Keratoconus – The Big Fight



Keratoconus has really shaped my life, to an extent it has dictated what I can and can’t do.  Generally I don’t let it bother me, but thinking back when I was a kid I wanted to be a vet.  Because of the KC I didn’t do great in school, I tried my best but it’s hard when you can hardly see the words written on the blackboard, or read a text book without it being an inch from your face.  We all want to fit in and not stand out from the crowd so I pretended that I was like everybody else and blagged my way through school.  Now I have scleritis too and my eyes are in pretty bad shape I am feeling nostalgic and thinking about the past.

I remember when I was around 12 years old; I asked my dad what the time was because I couldn’t see the hands or numbers on the clock on the wall …. Actually I could barely see the clock.  He assumed I was stupid and couldn’t tell the time.  That moment really sticks in my head.

I struggled all through school and into my late teens wearing glasses that did nothing for my vision.  No one seemed to understand that I couldn’t see through them, everything was still blurred and doubled with streaks and starbursts.  People with advanced KC have really crazy uncorrected vision.

I couldn’t learn to drive until I was 19, the day I got my fist pair of RGP contact lenses was the best day of my life, suddenly I understood what it was like to really be able to see.  I went straight out and booked driving lessons.  After seeing nothing but muted blurs for my entire life I could finally see colours and shapes, the leaves on the trees, the number on the front of the bus, the expressions on people’s faces.  So many times I had walked past people in the street simply because I didn’t see them, they must have thought I was so rude, but I just didn’t see them.

I couldn’t stop staring at things, anything and everything it was so fantastic, things were starting to make sense.  It was like I had missed the first 19 years of my life.  That is so sad, it wouldn’t happen nowadays, parents would be all over their kids eyesight at the remotest possibility that something was wrong.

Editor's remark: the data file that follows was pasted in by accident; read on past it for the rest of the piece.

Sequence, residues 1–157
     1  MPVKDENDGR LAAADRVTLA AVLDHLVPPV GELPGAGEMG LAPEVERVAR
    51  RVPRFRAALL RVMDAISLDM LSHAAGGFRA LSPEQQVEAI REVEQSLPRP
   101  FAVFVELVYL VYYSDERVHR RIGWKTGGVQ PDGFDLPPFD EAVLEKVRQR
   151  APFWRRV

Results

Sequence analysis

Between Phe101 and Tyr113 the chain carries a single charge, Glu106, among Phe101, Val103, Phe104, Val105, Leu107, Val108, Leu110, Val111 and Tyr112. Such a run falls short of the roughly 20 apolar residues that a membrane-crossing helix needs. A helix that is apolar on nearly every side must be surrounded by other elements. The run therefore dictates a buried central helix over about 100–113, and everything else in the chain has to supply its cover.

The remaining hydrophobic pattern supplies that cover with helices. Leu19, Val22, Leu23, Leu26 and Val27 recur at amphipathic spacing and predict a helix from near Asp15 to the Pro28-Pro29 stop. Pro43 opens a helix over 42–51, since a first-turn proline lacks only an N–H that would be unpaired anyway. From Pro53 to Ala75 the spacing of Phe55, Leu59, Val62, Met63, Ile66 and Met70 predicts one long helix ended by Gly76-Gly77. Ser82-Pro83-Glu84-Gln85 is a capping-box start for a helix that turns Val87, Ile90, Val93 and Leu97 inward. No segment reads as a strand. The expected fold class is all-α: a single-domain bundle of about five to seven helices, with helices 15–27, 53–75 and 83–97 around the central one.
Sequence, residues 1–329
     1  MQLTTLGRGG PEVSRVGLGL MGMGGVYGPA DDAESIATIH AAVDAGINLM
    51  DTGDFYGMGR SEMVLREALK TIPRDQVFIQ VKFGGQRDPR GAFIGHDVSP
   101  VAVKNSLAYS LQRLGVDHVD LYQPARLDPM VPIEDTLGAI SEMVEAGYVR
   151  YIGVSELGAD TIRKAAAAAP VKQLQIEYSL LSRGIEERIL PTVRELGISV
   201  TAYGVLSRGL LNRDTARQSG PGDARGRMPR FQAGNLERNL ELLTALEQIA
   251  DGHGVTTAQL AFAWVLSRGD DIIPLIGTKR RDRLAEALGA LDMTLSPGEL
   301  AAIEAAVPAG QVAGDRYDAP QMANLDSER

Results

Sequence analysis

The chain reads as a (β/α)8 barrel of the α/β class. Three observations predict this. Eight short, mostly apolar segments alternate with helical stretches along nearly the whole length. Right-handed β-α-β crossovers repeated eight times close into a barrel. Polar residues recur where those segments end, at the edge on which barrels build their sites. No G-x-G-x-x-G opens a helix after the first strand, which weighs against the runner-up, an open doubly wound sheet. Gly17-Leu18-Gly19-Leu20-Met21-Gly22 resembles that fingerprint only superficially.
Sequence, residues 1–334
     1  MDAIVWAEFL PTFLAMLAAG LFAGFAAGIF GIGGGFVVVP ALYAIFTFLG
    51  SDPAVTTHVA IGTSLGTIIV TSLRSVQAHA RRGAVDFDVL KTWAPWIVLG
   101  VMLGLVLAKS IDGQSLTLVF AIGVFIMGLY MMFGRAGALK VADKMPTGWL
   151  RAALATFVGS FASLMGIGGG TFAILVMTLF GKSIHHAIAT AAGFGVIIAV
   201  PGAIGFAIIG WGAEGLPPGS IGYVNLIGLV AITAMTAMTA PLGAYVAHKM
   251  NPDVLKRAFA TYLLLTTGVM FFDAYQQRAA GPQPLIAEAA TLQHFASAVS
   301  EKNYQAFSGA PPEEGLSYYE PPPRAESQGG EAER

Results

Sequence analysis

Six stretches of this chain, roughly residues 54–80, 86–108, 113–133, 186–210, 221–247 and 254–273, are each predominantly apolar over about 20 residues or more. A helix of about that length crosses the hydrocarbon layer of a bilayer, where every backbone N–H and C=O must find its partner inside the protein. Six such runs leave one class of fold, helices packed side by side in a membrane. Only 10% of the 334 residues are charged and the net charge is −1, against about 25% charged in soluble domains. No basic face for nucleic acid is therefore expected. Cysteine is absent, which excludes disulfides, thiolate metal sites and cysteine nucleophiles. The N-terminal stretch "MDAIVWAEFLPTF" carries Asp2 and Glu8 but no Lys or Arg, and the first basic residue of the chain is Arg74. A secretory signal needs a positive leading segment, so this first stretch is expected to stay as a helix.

Pretty soon the RGP lenses stopped working for me; they would just drop out because my cone was too steep.  I remember one time sitting in a meeting at work and both lenses dropped out and rolled across the boardroom table.  After losing a heap of them it was time for a new plan.

I was thinking about a corneal graft when I discovered scleral lenses.  Scleral lenses are huge, the first time you see one you can’t imagine that it would fit in your eye but they do and they are very comfortable.  They vault over the cornea and sit under the eyelids so they can’t fall out.  Prior to insertion you fill them with saline which creates an artificial lens to look out of.  They worked really well and stopped me from having to have transplants.  The first couple of months of wearing them I had a real phobia about taking them in and out, as they really are massive.  It was something that I had to work really hard at overcoming if I wanted to wear them successfully.  They really made it so that I could live a normal life.


Now many years on I feel like I am facing transplants again.  My optometrist can only get my vision so good in lenses and I have to wear glasses over the top for driving and distance.  The scleritis has made my eyes very sensitive and it makes my lenses very uncomfortable.  I have spoken to my ophthalmologist about my options.  My eyes are too far gone for either intacs or corneal crosslinking so grafts are the way forward.

Just one more hump in that roller coaster called life, wonder where it will take me this time.


2 responses »

  1. Its funny, aspects of your story are so similar to mine, but also so different. When i could not read the blackboard i put in extra effort at home with the books, as you say, an inch away from my face. I spent my recess and lunch in the library. I was very angry at having keratoconus and was going to show the world that nothing was going to stop me. I lied about my vision to get my license and only ever drove in situations where I felt confident. Despite frequently walking into things i rarely mention this disorder outside of blogging. In work meetings i used to get accused of being disengaged. So i look in the vague direction of whoever is speaking and now get told that my piercing stare can be disconcerting. LOL. To cover my lack of long range vision among peers i have cultivated an academic eccentricity to explain strange responses or lack of noticing something. I also get inflamations. In 2013 one was so bad i was completely blind for two months! I also get crippling muscle aches and other problems – albeit these have gone away since i stopped eating gluten. Apparently there is a probability of celiac disease with Keratoconus. At 50 i have fought keratoconus long and hard and will not let it beat me. Especially so as my passions are art and writing ☺ I am saying all this to be supportive ☺ Don’t let it win ☺

    Liked by 1 person

    • Hi Greg, I guess we all deal with it differently.  When I was younger I switched off but now I am much stronger and dont let it beat me, as I like to say, im a tough old bird!   Good to hear some of your story, nice to know we are not alone.

      Liked by 1 person

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